ANNAPOLIS, Md. (BP) — It appears likely that citizens in five states will vote on the definition of marriage this year, with the latest addition to that list being Maryland.
Maryland’s House of Delegates passed a bill by a vote of 72-67 Friday (Feb. 17) that would legalize gay “marriage,” sending the bill to the Senate, which passed a similar bill last year. Democratic Gov. Martin O’Malley used his State of the State address in January to endorse the bill and has pledged to sign it. Once it’s signed, churches can begin collecting signatures to place the issue on the ballot, where voters essentially can veto it.
Maryland likely will join voters in Washington and Maine in deciding in November whether to legalize gay “marriage.” Meanwhile Minnesota voters (November) and North Carolinians (May) will vote this year on whether to define marriage as between a man and a woman in their respective state constitutions.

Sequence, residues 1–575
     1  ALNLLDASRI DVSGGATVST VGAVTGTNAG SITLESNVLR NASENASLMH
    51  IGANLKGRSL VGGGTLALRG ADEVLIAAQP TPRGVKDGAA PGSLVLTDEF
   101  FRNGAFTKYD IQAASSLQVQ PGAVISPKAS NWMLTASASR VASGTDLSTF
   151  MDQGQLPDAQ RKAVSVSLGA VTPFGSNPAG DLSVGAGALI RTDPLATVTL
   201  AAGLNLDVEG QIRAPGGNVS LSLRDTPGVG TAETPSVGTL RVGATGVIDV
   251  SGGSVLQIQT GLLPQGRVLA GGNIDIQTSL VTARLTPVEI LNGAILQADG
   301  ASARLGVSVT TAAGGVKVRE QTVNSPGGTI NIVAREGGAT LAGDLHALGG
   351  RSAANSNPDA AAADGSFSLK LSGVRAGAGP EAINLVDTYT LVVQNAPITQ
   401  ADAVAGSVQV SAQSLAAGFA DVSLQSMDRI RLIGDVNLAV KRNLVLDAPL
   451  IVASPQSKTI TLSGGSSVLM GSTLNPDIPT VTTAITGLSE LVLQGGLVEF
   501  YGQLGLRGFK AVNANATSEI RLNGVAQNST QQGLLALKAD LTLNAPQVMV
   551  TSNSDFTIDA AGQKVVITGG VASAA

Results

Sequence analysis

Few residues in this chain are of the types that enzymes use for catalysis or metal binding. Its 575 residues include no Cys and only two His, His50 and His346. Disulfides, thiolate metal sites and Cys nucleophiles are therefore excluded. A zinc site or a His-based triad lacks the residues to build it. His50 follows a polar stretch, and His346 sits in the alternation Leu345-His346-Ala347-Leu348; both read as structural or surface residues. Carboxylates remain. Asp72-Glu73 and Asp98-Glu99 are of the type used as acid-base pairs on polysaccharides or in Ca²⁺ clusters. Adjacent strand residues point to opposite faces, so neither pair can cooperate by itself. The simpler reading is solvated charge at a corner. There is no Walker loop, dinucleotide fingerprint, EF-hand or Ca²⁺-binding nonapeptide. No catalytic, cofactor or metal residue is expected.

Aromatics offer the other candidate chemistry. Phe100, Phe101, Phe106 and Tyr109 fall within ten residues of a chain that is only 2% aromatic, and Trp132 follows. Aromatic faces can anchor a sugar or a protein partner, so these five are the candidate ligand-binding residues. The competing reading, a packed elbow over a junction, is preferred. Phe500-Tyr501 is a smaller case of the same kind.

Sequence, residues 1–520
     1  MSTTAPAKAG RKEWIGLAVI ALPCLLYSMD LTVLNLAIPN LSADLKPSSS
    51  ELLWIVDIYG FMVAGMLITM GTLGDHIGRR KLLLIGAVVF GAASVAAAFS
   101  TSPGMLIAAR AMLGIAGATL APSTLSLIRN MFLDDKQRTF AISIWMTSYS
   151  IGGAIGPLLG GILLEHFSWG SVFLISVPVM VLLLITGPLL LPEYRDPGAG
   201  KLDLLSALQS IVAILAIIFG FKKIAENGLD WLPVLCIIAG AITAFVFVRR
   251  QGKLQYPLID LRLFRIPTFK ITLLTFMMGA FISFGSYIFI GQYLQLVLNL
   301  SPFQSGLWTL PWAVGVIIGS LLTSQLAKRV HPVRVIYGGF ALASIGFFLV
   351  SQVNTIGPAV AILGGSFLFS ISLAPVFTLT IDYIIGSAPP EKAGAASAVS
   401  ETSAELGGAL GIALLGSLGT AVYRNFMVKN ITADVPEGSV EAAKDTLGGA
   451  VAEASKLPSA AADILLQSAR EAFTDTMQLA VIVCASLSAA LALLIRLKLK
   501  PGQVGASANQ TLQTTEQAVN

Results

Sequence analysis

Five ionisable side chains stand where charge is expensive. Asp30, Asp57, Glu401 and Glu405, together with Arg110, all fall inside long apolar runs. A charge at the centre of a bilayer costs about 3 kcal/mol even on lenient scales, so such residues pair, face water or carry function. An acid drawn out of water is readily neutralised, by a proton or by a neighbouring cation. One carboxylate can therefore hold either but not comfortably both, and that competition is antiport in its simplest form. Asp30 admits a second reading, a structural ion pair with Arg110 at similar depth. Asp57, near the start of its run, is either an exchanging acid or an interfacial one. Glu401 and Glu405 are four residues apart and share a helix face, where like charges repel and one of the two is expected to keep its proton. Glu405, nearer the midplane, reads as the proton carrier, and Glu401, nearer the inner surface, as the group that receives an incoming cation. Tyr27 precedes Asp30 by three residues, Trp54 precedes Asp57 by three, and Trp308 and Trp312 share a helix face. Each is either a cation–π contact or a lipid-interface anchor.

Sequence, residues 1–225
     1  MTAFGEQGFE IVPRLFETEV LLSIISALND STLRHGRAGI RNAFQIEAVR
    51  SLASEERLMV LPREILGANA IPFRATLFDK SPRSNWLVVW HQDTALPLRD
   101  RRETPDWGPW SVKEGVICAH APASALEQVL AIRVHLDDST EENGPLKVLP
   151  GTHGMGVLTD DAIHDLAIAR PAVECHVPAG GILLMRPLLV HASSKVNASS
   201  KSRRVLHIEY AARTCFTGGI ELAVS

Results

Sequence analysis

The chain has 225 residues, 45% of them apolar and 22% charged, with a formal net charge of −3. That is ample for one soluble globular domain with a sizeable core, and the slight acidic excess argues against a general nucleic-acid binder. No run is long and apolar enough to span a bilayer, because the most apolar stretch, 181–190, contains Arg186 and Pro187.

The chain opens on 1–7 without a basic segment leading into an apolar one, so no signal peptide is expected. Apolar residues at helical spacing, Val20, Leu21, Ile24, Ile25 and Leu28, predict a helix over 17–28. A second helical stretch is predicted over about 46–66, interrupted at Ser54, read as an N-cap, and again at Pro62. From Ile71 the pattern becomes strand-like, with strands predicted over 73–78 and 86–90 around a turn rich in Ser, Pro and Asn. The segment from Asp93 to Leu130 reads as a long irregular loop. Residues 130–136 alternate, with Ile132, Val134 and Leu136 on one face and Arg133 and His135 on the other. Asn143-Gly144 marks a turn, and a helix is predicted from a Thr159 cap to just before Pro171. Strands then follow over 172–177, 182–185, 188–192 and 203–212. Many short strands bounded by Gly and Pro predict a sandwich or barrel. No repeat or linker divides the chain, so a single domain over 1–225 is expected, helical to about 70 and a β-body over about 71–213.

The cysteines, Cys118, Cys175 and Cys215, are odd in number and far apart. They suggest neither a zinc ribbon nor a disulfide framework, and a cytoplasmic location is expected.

The Maryland House was considered to be the biggest hurdle for the bill. Last year Democratic leaders pulled it from the House floor because it lacked the necessary votes.
Democrats control both chambers, but the bill had a tough climb in the House because of opposition from African American members who were pressured by black church leaders.
Voting against the bill were 26 Democrats and 41 Republicans, The Washington Post reported.
“Same-sex marriage is wrong,” Del. Emmett C. Burns Jr. told members, according to The Post. “I believe that people who are gay have a right to be that, but the word ‘marriage’ should not be attached.”
Burns is pastor of Rising Sun First Baptist Church in Gwynn Oak.
“I lost the first round, but I’ll tell you about the second round,” Burns told church members during his sermon Sunday, according to The Baltimore Sun. “We’re going to win this thing.”
If the referendum does qualify for the ballot, traditionalists likely will spotlight two themes that have proven successful in other states: 1) children need mothers and fathers and 2) legalizing gay “marriage” will have negative consequences on religious freedoms and what is taught in elementary schools.
Compiled by Michael Foust, associate editor of Baptist Press.